intermediate orders involving the merits of the action and necessarily
affecting the judgment); Truck Ins. Exch. v. State Comp. Fund, 138 Ariz. 116,
118, 673 P.2d 314, 316 (App. 1983) (holding we review such an intermediate


Decision of the Court
findings of fact were clearly erroneous, we will not disturb the courts
severance order absent an abuse of discretion. Mary Lou C. v. Ariz. Dept of
Econ. Sec., 207 Ariz. 43, 47, 8, 83 P.3d 43, 47 (App. 2004). On appeal, we
view the evidence in the light most favorable to upholding the juvenile
court's order and will affirm the courts factual findings if supported by
reasonable evidence. Denise R. v. Ariz. Dept of Econ. Sec., 221 Ariz. 92, 93
94, 4, 210 P.3d 1263, 126465 (App. 2009); Manuel M. v. Ariz. Dept of Econ.
Sec., 218 Ariz. 205, 207, 2, 181 P.3d 1126, 1128 (App. 2008).
Parental rights in the care, custody, and management of their
children are fundamental, but not absolute. Kent K. v. Bobby M., 210 Ariz.
279, 284, 24, 110 P.3d 1013, 1018 (2005) (citing Santosky v. Kramer, 455 U.S.
745, 753 (1982); Michael J. v. Ariz. Dept of Econ. Sec., 196 Ariz. 246, 248,
1112, 995 P.2d 682, 684 (2000)). The juvenile court may still sever those
rights if it finds clear and convincing evidence of one of the statutory
grounds for severance, and finds by a preponderance of the evidence that
severance is in the best interest of the children. See A.R.S. 8-533(B), 537(B); Kent K., 210 Ariz. at 28182, 288, 7, 41, 110 P.3d at 101516, 1022.
Mother does not contest the juvenile courts findings on the statutory
ground and, thus, has waived any argument on that ground in this appeal.
See Childress Buick Co. v. OConnell, 198 Ariz. 454, 459, 29, 11 P.3d 413, 418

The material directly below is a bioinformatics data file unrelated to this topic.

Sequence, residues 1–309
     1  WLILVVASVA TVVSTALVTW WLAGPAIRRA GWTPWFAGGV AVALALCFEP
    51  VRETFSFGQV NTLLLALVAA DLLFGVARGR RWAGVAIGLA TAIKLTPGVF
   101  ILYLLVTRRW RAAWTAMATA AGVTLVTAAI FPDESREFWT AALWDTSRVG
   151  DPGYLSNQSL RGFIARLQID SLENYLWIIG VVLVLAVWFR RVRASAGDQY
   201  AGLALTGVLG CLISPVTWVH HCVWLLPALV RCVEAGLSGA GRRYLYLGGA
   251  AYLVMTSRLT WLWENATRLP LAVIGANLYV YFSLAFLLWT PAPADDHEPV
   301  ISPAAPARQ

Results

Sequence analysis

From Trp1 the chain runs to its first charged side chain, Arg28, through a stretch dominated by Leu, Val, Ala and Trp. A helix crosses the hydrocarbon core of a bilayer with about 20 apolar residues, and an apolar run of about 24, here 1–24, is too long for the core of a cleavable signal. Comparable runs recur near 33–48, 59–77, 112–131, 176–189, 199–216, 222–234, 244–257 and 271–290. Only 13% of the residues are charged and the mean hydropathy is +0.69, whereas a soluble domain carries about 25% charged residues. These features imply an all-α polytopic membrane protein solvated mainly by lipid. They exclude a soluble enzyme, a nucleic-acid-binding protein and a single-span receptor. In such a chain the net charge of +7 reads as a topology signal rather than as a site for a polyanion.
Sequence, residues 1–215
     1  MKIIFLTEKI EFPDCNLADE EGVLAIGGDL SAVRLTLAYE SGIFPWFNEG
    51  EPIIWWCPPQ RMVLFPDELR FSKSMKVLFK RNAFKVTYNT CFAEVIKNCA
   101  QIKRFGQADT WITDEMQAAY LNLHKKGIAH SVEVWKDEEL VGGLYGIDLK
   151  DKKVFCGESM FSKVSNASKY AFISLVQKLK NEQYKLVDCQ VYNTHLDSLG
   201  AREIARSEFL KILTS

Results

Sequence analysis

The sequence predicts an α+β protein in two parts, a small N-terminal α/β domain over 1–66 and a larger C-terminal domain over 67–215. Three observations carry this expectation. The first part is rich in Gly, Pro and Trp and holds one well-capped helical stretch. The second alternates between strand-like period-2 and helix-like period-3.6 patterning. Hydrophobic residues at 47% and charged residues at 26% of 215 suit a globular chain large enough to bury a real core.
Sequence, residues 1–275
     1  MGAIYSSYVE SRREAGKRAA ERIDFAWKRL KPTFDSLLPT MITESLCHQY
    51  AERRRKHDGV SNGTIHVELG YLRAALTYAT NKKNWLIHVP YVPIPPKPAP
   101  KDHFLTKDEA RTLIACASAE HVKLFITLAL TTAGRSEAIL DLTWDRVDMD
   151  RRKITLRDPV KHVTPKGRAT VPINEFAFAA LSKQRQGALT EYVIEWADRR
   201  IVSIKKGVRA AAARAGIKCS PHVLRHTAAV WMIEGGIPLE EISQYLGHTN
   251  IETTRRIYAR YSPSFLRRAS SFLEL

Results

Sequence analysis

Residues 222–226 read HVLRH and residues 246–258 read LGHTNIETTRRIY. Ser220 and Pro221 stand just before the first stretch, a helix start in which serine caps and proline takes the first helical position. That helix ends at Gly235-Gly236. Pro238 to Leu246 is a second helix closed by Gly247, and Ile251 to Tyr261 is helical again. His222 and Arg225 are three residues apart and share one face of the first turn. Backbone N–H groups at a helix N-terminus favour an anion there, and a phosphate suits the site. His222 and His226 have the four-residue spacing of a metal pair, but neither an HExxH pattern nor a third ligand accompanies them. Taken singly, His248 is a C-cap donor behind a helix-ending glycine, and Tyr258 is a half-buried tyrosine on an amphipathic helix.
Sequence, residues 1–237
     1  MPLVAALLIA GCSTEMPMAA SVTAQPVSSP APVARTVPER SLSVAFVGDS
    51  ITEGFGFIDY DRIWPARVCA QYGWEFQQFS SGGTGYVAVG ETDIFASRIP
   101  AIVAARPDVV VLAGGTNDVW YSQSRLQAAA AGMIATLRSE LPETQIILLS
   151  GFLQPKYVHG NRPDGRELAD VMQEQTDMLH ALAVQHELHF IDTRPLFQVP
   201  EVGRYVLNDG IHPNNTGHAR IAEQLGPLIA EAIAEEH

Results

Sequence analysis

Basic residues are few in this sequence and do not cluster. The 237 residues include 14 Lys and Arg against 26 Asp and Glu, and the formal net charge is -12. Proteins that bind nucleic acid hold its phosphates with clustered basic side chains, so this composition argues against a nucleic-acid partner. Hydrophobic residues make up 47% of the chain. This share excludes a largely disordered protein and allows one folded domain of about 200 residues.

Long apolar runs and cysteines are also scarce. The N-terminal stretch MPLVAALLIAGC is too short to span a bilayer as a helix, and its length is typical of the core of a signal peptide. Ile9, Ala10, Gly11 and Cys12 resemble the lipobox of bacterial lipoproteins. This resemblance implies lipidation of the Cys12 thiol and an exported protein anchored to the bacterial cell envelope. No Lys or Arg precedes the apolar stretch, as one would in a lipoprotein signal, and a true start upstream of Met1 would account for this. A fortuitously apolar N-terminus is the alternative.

(App. 2000) (stating that issues not clearly raised in appellate briefs are
deemed waived).
To prove severance is in a childs best interest, DCS must
show that severance either provides an affirmative benefit because the child
is adoptable or is more stable in an existing placement, or eliminates a threat
or detriment to the child if the relationship between the parent and the child
is allowed to continue. Maricopa Cty. Juv. Action No. JS-500274, 167 Ariz. 1,
67, 804 P.2d 730, 73536 (1990); Ariz. Dept of Econ. Sec. v. Oscar O., 209 Ariz.
332, 334, 6, 100 P.3d 943, 945 (App. 2004).5 The best interest requirement
may be met if, for example, a current adoptive plan exists for the child, or
even that the child is adoptable. JS500274, 167 Ariz. at 6, 804 P.2d at 735;
Maricopa Cty. Juv. Action No. JS501904, 180 Ariz. 348, 352, 884 P.2d 234, 238
(App. 1994). The juvenile court may also consider evidence that an existing
placement is meeting the needs of the child in determining severance is in
the childs best interest. Audra T. v. Ariz. Dept of Econ. Sec., 194 Ariz. 376,
377, 5, 982 P.2d 1290, 1291 (App. 1998). The court may also take into
We note, in presenting her best-interest argument, Mothers counsel
relies in part on Angel S. v. Dept of Child Safety, 237 Ariz. 132, 347 P.3d 578
(App. 2015), which was depublished by Angel S. v. Dept of Child Safety, 238
Ariz. 84, 357 P.3d 119 (2015) before the filing of her brief.


Decision of the Court
account that, in most cases, the presence of a statutory ground [for
severance] will have a negative effect on the children. Bennigno R. v. Ariz.
Dept of Econ. Sec., 233 Ariz. 345, 350, 23, 312 P.3d 861, 866 (App. 2013)
(quoting Maricopa Cty. Juv. Action No. JS-6831, 155 Ariz. 556, 559, 748 P.2d
785, 788 (App. 1988)).
This record here supports the juvenile courts finding that
severance was in the best interest of the Child. First, severing Mothers
parental rights would affirmatively benefit the Child. It would give the
Child peace of mind, and she would not be stressed by continuing
interactions with Mother; the Child could live in a stable, violence- and
drug-free environment, and maintain the existing bond with her halfsibling. Also, the current placement with the Grandparents meet the
Childs needs. Second, leaving Mothers parental rights intact would be
detrimental to the Child. Mother refuses to acknowledge her mental health
problems and her role in causing the strained relationship between her and
the Child, or to take measures to repair the relationship. Further, based on
the testimony presented at the severance hearing, the court found that there
is a substantial likelihood that Mother will not be capable of exercising